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MQdev Blog - moved to Messaging on Developerworks!
Peter Broadhurst 120000EDQP Tags:  wlm wmq ha ccdt cloud connamelist mq hub architecture clients resiliance cluster 10 Comments 20,494 Views
I've had a number of conversations recently with customers looking at how to use client connections to connect to multiple MQ queue managers.
In the MQ client workload-management (WLM) section of this article for Java EE, I discuss why I chose to provide a code stub sample to do WLM of outbound message sending, rather than describing how to use a CCDT. However, I realize customers looking to increase the availability characteristics of existing applications might be willing to accept the limitations of CCDT based approaches to minimize code changes. I also don't even mention options such as using load balancing hardware to create a Virtual IP address (VIP) for multiple queue managers.
So here is an attempt at a balanced comparison of the pros and cons of all the various approaches.
Note: these choices only relate to applications sending messages, or initiating synchronous request/reply messaging. The considerations for applications servicing those messages/requests (e.g. the listeners) are completely separate, and discussed in detail in the "Connecting a message listener to a queue" section of this article.
1 - CCDT (multi-QMGR):
2 - Load balancer:
Avoiding disruption during planned maintenance
There is another consideration not yet discussed, which is how to avoid disruption to applications (errors/timeouts visible to the end users) during planned maintenance of a queue manager. The general approach here is to drain all work from a queue manager before it is stopped.
Think about a request/reply scenario. You want all in-flight requests to complete, and the replies to be processed by the application, but you don't want any additional work to be submitted into the system. Simply quiescing the queue manager doesn't fulfill this need, as well-coded applications will receive a 2161/MQRC_Q_MGR_QUIESCING exception before they receive their reply messages for in-flight requests.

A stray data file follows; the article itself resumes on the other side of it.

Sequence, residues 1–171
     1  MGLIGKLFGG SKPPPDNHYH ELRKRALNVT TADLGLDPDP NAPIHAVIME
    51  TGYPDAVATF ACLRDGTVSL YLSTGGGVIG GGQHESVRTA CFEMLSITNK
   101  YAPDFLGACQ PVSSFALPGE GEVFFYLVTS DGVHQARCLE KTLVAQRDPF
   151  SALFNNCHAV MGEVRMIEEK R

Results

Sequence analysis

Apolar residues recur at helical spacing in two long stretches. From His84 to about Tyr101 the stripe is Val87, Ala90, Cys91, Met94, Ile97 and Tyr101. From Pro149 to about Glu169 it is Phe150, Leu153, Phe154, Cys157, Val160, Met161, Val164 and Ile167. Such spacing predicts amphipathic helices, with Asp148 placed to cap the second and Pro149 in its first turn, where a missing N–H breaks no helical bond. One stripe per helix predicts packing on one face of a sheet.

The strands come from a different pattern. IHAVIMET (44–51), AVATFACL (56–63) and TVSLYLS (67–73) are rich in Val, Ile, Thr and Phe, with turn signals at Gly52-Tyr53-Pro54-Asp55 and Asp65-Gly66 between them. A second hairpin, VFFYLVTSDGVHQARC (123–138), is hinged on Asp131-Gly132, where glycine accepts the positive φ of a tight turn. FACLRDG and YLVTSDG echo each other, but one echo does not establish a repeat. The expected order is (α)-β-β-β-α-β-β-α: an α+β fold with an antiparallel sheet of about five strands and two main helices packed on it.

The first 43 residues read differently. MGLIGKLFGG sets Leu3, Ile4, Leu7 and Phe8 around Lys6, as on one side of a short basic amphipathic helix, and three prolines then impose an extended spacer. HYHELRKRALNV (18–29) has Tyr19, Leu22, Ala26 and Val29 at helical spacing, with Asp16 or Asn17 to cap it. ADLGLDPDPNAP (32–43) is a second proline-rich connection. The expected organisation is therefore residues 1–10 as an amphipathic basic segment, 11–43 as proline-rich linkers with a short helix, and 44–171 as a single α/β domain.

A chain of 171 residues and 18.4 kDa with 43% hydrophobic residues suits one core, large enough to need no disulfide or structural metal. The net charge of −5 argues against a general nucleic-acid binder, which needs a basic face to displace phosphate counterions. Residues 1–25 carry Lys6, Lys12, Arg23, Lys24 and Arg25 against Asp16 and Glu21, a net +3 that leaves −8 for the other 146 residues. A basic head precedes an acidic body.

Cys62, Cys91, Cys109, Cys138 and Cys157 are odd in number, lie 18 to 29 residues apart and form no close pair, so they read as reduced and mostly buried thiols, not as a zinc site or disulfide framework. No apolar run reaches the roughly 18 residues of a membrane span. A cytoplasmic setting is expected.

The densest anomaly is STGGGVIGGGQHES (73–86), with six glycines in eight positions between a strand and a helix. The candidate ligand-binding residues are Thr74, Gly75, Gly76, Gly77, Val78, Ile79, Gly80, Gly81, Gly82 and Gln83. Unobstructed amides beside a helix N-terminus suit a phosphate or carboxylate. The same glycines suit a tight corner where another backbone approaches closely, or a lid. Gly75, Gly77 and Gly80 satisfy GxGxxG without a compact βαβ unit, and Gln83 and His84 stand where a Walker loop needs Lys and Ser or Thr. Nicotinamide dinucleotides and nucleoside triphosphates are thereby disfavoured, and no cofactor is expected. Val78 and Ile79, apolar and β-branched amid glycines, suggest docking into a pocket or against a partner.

There is a tool and approach built in to MQ that helps: setting PUT(DISABLED) on the request queues used to submit work, while leaving the reply queues both PUT(ENABLED) and GET(ENABLED). Then you can monitor the depth of the request, transmission and reply queues, and once they all stabilize (in-flight requests complete or time out) you can stop the queue manager.
However, this relies on good coding in the requesting applications to handle a PUT(DISABLED) request queue, which will result in 2051/MQRC_PUT_INHIBITED errors when when they try and send a message. The exception won't occur when creating the connection to MQ, or opening the request queue, only when an attempt is made to actually send (MQPUT) a message.
Building a code stub that includes this error handling logic for request/reply scenarios, and asking your app teams to use such a code stub going forwards, can help you develop applications with consistent behavior.
As of today I haven't included MQRC_PUT_INHIBITED handling in the 'simple' synchronous request/reply case code samples I provided with the articles. It's covered in the 'advanced' synchronous request/reply sample, but that is more complex than most projects require.
So it's on my todo list to enhance the 'simple' synchronous request/reply sample to demonstrate how you might handle MQRC_PUT_INHIBITED to enable planned queue manager restart without any end-user visible errors/timeouts.